10 x 100 @ 1:50

Meaning that every 1:50 you are pushing off for your next 100-meter effort. You have to work for that rest. If you slow down, you get less. If you maintain pace, you get what is required to work the energy system in question. Yes, effort will go up over the duration of the set, and that’s OK. Structuring sets in this fashion pays massive dividends.

So how do we create workouts for the aerobic, anaerobic, and VO2 energy systems? It’s all about the work-rest ratio. Or, more simply, the effort exerted and the amount of rest the athlete gets.


Aerobic efforts/sets yield approximately :15-:20 rest on a steady state effort (depending on the individual). Lactic acid is buffered fairly easily by the body during these efforts and rest intervals. These types of workouts focus on straightforward endurance.

Anaerobic efforts/sets yield :10-:15 rest on a harder effort (again, depending on the individual). Lactic acid cannot be buffered as effectively here. These workouts assist with speed endurance.

VO2 efforts/sets yield almost a full recovery between a shorter, maximal effort.


Aerobic sets can look like the following simple workout:

10 x 200 @ 3:30 (a base 100 time of 1:30 plus :30 rest)

Longer efforts can, and should, be included in programming (800’s, 1000’s, etc.). At that point, static rest (1:00 minute or so) between efforts will be just fine.

Anaerobic sets can then look like the below set of increasing effort and intensity. While it starts aerobically, with less rest being provided as one progresses through the set, effort levels go up, lactic acid begins to build up (and is not buffered as efficiently), and the anaerobic engine begins to be worked more effectively.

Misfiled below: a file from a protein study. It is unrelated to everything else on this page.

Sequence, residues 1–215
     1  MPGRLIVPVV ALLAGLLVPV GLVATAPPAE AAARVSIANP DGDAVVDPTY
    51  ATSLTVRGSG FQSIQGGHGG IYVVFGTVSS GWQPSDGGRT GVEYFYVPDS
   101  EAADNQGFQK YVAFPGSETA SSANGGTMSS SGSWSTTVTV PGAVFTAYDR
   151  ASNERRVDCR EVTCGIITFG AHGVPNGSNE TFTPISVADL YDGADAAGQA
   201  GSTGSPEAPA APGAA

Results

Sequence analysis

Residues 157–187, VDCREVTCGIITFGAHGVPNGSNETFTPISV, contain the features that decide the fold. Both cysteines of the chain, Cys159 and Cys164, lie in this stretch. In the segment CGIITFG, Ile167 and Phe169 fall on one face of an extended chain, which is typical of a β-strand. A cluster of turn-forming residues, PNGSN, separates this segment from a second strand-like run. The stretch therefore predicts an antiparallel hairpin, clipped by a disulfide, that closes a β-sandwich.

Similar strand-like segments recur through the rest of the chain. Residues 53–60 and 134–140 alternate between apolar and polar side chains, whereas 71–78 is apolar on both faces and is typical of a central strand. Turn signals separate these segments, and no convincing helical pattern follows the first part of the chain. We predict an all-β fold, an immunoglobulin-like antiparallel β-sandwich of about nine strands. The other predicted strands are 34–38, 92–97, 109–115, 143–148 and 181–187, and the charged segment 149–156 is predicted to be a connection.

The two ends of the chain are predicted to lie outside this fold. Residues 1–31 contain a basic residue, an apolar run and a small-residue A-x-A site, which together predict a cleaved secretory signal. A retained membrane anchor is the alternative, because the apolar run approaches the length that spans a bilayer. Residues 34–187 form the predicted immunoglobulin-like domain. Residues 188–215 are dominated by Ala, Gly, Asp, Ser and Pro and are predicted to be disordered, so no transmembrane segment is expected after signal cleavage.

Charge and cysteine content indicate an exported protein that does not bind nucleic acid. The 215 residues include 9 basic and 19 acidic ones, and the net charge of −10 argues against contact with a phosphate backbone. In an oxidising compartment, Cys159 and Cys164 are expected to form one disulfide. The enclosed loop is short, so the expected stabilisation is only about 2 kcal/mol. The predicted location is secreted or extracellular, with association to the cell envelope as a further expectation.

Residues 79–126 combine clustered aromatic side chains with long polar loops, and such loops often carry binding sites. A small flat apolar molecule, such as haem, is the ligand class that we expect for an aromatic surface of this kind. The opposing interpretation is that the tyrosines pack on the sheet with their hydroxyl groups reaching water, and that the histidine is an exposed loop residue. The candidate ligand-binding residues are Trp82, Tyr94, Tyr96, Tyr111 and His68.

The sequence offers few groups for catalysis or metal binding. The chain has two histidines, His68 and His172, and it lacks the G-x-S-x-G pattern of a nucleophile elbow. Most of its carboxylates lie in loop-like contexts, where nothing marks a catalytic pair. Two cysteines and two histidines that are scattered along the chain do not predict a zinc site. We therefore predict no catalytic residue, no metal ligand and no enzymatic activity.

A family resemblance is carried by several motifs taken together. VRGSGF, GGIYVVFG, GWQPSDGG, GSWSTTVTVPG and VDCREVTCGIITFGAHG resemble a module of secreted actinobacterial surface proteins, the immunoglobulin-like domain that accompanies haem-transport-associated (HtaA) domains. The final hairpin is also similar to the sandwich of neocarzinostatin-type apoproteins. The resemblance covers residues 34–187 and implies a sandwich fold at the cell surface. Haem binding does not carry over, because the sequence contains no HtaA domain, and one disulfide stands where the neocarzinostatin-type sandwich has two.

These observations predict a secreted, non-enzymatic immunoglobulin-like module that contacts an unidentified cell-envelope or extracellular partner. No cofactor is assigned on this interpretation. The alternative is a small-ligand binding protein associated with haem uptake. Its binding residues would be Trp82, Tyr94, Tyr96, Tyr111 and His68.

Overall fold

6 x 100 @ 1:50

6 x 100 @ 1:45

6 x 100 @ 1:40

VO2 sets that work on pure speed (as stated, just like going to the track to work on running speed) are short efforts at maximal output, with almost full recovery.

6 rounds

1 x 25 @ 1:00 max effort

1 x 50 @ 2:00 max effort

1 x 25 @ 2:00 easy effort

Please note that these are just examples of various “main sets." Once you know your base 100 time, you can write most any set to work the necessary energy systems creatively and effectively. And again, these are just examples of simple sets. If you’re not comfortable writing swimming workouts, that’s OK. Do some research—or contact a USA Triathlon certified coach.

It is critical that all energy systems be addressed in your swim training and programming. Not only will it make you a faster swimmer, but it will make you a more well-rounded and competitive triathlete.

Dave Burgess is a USA Triathlon Level II Certified Coach, USA Swimming and ASCA Level 3 Coach, and has been involved in the triathlon and endurance sports community since 2000. Dave is also  a US Masters Swimming Level 3 coach.and he holds a certificate in sports and performance nutrition. As the founder and head coach of Podium Training Systems, Dave works with athletes of all levels, from first-time competitors to elite-level athletes, competing in all race distances. Learn more at

The views expressed in this article are the opinion of the author and not necessarily the practices of USA Triathlon. Before starting any new diet or exercise program, you should check with your physician and/or coach.